Sunday, January 23, 2011

Let's Make it Easier

As the snow has melted and green fescue grass has revealed itself again in yards around the neighborhood, our thoughts turn to spring and the anticipation of new growth.  For some people, that anticipation might turn to dread – all those garden chores to start up again!  Perhaps I could suggest some ideas to reduce some of those chores - let's be lazy and do less work.

Mowing grass and grass choices – Depending on how much grass you have, dealing with your lawn can be a big chore: you mow it, you fertilize it, you water it.  If you have fescue, you may also over-seed it.  Here are some thoughts on reducing your effort to save time, money and natural resources:

  • Don’t mow it as much.  I know many “industry” folk recommend mowing it regularly so that you don’t remove too much of the height at once.  I do not mow on a regular schedule, just when it looks like it needs it.  During dry times, I mow even less frequently so that the longer grass blades can provide shade on the soil to reduce evaporation.  Keep your blade sharp.
  • Don’t fertilize it as much.  I actually do not fertilize at all and the grass is beautiful anyway. I save money and time! Consider getting a soil test to see if your soil needs nutrients if the lawn is doing poorly – don’t just assume that fertilizer will help.
  • For new lawns, choose a low maintenance grass – for me that is Zoysia.  It is a creeper so it does not require over-seeding in the fall.  It goes dormant in the fall, so it does not need winter mowing like fescue might.  Do not pick Bermuda if you can help it – it is a very aggressive creeper and you will be digging it out of your beds for years to come. 
  • Don’t put lawn in shady areas – grass needs sun and it will not do well in shade.  Convert those areas to a shade tolerant groundcover or just mulch.  Moss is a great groundcover - look at these beautiful patches of moss that are taking over these shady spots:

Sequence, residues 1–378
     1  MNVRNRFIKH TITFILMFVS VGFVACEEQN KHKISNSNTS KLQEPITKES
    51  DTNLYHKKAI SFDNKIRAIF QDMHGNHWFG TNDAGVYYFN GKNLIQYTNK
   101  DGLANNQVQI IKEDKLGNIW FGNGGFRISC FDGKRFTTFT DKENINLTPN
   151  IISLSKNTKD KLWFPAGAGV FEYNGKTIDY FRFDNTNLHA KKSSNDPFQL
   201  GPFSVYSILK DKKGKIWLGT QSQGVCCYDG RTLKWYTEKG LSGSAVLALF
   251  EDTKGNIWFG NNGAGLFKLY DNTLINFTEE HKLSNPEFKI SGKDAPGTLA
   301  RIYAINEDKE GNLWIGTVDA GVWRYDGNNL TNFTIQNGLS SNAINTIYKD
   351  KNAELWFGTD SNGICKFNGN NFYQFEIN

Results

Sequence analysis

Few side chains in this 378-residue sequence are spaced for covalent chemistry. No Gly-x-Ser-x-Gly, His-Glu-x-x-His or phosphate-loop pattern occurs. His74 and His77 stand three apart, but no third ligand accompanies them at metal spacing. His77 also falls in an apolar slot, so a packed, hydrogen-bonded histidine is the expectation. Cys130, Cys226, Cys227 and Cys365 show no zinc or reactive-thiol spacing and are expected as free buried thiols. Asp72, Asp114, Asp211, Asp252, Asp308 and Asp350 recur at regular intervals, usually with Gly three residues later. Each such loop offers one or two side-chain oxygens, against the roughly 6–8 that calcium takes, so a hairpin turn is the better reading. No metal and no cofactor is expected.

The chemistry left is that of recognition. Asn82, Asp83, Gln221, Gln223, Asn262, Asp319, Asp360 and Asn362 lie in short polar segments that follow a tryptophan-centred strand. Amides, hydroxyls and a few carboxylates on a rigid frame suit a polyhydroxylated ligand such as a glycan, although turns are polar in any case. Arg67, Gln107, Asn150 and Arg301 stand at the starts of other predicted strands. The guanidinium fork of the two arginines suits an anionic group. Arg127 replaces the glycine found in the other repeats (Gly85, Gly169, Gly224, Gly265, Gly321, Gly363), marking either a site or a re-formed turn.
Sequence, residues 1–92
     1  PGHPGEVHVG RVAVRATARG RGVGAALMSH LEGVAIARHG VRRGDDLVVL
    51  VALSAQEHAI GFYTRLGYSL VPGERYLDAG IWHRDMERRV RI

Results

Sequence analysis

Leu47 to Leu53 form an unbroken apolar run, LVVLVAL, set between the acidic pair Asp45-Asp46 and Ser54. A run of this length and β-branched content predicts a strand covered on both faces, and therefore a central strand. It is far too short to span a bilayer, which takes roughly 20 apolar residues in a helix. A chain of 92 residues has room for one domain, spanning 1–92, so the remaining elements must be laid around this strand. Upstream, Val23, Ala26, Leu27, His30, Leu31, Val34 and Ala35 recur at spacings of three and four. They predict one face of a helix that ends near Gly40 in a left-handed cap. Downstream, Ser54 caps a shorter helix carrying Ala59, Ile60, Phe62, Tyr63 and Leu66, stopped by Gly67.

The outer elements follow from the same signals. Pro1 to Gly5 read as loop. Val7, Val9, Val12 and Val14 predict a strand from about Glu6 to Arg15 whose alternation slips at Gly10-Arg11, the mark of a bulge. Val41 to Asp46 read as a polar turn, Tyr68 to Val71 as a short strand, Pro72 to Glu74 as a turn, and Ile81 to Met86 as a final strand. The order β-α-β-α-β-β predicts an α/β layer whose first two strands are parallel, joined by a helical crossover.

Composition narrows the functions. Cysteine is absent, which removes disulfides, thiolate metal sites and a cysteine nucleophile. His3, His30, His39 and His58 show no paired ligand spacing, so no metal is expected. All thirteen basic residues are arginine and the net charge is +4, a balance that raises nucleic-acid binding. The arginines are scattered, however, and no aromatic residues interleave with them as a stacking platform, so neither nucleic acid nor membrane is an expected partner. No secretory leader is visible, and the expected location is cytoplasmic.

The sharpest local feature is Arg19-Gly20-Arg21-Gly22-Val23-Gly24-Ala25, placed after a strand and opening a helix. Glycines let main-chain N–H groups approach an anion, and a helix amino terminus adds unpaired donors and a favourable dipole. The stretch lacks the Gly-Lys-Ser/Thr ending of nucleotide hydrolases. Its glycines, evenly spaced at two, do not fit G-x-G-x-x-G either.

Moss in shady fescue lawn
Moss in shady zoysia lawn

  • Watering – reduce or eliminate watering on established lawns (unless you are over-seeding fescue and the seeds are sprouting).  I do not water mine, not even during the drought of 2008-09, and it has done very well (it was planted in 2004).
  • Reduce your lawn – consider how you use it and adjust the size to your needs, not what everyone else is doing.  I guarantee some people will be looking at your smaller lawn with ENVY.  A couple of years ago I realized that my sunniest areas were taken up by grass; I’ve been reducing it over the last two years.  I planted a Hawthorn and Crabapple in one area and fall perennials in another.  Lawn areas are not very botanically diverse - I was happy to add some diversity in my yard by replacing some grass.

Leaves, Limbs and Litter – You do want to pick up any litter that finds it way into your yard, but reconsider what you do with the leaves and limbs.  Leaves and limbs are nature’s way of returning nutrients to the soil.  Think of them as extended-release fertilizer!  Leaves on the lawn can often be chopped up with the lawn mower and left in place.  Or you can gather them up if they are too thick and use them as mulch around some trees and shrubs. Limbs and twigs can handled at least two ways: if they are small then break them up with your hands into little pieces and leave them right there; if they are large, pick an out of the way spot in your yard and start a pile.  Loose piles of limbs are a source of protection and shelter for many small animals and birds.  Of course both leaves and small limbs can be added to a compost bin but that’s a bit more work!
A pile of sticks for the critters that naturally decomposes over time

Pruning – Plants are not pruned in nature (unless you consider the browsing of deer or the harsh result of ice storms to be forms of pruning).  The only reason you should prune is because you WANT to do so for shape or to encourage more dense growth.  Pruning because the plant outgrows it’s spot simply means the plant isn’t right for that spot.  No need to make work for yourself - when choosing woody plants, research characteristics like these: